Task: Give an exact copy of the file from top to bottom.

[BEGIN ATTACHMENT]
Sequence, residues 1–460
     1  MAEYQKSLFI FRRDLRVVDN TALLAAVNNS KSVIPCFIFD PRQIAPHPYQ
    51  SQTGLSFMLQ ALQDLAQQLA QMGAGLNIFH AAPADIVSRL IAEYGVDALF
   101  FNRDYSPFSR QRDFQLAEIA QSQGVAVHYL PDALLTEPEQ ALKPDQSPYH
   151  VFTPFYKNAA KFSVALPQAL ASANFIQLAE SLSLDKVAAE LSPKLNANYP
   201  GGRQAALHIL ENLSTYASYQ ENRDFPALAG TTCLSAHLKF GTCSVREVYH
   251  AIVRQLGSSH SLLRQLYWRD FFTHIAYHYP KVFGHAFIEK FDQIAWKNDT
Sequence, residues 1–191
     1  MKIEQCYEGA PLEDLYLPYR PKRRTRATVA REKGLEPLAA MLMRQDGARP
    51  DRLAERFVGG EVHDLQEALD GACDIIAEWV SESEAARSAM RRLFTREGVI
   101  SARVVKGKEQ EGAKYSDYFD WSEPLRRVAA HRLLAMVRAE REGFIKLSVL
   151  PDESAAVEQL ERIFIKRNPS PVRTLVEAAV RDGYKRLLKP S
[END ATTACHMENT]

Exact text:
Sequence, residues 1–460
     1  MAEYQKSLFI FRRDLRVVDN TALLAAVNNS KSVIPCFIFD PRQIAPHPYQ
    51  SQTGLSFMLQ ALQDLAQQLA QMGAGLNIFH AAPADIVSRL IAEYGVDALF
   101  FNRDYSPFSR QRDFQLAEIA QSQGVAVHYL PDALLTEPEQ ALKPDQSPYH
   151  VFTPFYKNAA KFSVALPQAL ASANFIQLAE SLSLDKVAAE LSPKLNANYP
   201  GGRQAALHIL ENLSTYASYQ ENRDFPALAG TTCLSAHLKF GTCSVREVYH
   251  AIVRQLGSSH SLLRQLYWRD FFTHIAYHYP KVFGHAFIEK FDQIAWKNDT
Sequence, residues 1–191
     1  MKIEQCYEGA PLEDLYLPYR PKRRTRATVA REKGLEPLAA MLMRQDGARP
    51  DRLAERFVGG EVHDLQEALD GACDIIAEWV SESEAARSAM RRLFTREGVI
   101  SARVVKGKEQ EGAKYSDYFD WSEPLRRVAA HRLLAMVRAE REGFIKLSVL
   151  PDESAAVEQL ERIFIKRNPS PVRTLVEAAV RDGYKRLLKP S